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Young England

Young England was a small Tory parliamentary group of the 1840s, which included Lord John Manners, George Smythe, Baillie-Cochrane, and Disraeli. They were greatly concerned with the ‘condition of the people’ question and their vague solution was a restoration of the trust and respect which they believed had once existed between nobility and people and a reaffirmation of the position of the church. They drifted into hostility towards the Tory leader Sir Robert Peel, and dissolved with his fall in 1846. Disraeli wrote of the movement in Coningsby (1844), Sybil (1845), and Tancred (1847). It was not difficult to ridicule. Lord John Manners believed that a reintroduction of the practice of touching for the king's evil might raise the tone of society and produced the memorable couplet: ‘Let wealth and commerce, law and learning die, But leave us still our old nobility.’ Wordsworth, provoked by the name, wrote a sonnet denouncing ‘beardless boys’ and the Morning Herald thought the movement ‘tomfoolery and mental dandyism’. Yet their attitude to the poor, if condescending, was generous, and echoes of Young England survived as elements in Disraeli's later vision of Tory democracy.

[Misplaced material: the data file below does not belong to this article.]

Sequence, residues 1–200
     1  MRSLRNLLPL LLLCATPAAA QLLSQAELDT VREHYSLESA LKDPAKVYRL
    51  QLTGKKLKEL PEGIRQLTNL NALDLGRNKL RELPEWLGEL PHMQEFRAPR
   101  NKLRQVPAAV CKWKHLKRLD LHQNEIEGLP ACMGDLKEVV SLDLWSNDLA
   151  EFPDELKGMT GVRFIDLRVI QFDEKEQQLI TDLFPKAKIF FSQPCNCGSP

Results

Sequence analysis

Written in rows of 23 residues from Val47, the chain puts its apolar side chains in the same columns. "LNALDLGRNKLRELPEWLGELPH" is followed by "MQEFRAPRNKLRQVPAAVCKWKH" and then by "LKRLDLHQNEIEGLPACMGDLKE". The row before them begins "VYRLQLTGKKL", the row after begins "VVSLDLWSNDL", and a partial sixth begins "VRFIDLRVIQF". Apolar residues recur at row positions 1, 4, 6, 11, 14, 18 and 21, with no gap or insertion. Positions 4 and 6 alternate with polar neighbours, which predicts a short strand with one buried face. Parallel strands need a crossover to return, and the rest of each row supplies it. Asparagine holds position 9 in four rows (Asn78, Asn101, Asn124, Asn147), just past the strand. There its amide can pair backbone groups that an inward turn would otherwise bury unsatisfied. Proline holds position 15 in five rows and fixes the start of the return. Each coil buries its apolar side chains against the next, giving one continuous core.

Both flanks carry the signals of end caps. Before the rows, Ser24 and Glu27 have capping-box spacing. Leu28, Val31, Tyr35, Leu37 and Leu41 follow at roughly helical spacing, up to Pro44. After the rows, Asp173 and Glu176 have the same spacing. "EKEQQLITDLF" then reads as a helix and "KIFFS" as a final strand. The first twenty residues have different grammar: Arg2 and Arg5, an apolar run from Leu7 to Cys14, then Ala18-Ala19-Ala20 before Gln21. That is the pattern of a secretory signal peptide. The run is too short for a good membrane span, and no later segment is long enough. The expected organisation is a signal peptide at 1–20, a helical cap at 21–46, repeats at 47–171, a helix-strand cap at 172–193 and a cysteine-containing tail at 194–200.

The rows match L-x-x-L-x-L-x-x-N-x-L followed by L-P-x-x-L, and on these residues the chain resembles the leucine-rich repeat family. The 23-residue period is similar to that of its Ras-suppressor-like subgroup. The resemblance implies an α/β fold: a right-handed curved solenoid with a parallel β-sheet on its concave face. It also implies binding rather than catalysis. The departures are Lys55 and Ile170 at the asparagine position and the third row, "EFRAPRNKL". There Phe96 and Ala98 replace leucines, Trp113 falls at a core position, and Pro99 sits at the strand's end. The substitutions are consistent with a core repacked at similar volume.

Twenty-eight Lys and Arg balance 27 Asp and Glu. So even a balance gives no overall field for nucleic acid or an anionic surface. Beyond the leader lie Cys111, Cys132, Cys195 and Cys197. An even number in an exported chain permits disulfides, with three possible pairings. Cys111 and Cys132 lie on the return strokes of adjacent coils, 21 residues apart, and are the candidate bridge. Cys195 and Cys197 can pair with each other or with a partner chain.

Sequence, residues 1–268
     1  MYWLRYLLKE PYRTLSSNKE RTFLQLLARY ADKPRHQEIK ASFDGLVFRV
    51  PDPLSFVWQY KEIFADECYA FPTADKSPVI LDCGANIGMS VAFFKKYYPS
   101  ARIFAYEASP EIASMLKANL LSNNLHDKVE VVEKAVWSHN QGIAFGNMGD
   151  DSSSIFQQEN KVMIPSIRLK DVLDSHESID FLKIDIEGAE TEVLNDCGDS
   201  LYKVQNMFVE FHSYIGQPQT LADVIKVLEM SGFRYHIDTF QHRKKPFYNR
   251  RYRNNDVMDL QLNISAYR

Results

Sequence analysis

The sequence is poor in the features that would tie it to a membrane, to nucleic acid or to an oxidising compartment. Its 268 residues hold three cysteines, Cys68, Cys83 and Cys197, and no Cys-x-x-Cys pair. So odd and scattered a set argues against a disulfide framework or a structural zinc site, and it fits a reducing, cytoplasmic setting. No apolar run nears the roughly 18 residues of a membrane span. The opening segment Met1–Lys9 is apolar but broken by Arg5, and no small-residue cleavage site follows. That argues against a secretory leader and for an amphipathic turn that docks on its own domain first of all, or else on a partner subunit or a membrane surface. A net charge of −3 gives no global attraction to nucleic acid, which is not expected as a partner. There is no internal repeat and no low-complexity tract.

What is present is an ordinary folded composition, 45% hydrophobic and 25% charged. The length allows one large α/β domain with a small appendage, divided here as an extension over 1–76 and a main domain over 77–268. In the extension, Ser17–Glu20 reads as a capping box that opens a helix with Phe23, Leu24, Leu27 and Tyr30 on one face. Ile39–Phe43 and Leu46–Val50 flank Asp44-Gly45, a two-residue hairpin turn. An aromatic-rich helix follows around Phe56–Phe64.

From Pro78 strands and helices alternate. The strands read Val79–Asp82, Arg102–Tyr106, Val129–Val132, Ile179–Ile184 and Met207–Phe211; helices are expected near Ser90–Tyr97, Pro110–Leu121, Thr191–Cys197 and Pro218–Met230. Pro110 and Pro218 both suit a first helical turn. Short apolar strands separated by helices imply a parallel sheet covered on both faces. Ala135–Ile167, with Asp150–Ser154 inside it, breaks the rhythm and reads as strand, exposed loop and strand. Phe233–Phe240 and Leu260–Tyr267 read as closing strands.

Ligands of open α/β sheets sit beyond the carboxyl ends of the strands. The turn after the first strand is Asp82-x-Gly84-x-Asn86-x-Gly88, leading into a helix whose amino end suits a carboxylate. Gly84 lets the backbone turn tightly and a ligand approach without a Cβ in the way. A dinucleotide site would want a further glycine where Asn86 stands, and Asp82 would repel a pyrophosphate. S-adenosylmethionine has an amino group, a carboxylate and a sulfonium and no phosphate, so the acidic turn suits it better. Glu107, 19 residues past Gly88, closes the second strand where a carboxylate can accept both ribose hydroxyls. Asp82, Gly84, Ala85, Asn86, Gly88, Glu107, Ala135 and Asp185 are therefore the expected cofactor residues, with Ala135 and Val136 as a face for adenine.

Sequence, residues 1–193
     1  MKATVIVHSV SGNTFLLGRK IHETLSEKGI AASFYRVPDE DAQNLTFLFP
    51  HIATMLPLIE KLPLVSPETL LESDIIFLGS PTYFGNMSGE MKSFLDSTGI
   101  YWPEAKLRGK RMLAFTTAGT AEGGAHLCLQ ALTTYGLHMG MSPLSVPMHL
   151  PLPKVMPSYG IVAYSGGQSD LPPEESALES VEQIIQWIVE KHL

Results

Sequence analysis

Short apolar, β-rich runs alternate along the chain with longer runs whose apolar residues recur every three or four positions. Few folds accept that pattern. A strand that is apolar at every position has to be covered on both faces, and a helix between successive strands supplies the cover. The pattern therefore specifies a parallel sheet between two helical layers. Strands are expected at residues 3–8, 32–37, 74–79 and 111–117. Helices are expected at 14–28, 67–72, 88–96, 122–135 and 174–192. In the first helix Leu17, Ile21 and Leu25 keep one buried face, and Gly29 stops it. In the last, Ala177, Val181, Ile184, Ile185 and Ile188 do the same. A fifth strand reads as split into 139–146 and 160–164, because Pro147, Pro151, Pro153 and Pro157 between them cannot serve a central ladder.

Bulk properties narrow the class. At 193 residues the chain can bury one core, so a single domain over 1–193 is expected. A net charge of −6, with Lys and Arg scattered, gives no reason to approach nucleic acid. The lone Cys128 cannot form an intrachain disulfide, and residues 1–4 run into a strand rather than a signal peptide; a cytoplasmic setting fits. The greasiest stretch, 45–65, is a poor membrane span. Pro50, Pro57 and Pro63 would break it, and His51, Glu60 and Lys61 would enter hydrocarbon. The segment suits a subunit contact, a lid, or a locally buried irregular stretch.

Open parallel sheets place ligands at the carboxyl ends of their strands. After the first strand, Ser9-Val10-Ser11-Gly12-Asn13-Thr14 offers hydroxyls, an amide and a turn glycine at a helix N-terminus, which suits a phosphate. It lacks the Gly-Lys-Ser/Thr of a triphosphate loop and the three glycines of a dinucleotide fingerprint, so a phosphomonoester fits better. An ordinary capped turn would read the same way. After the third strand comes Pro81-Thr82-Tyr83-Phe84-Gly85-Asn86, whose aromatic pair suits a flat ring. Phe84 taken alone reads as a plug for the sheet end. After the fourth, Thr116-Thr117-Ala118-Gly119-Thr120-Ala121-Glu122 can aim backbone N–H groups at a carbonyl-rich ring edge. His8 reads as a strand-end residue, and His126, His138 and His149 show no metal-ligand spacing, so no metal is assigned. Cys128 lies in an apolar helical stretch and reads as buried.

J. A. Cannon

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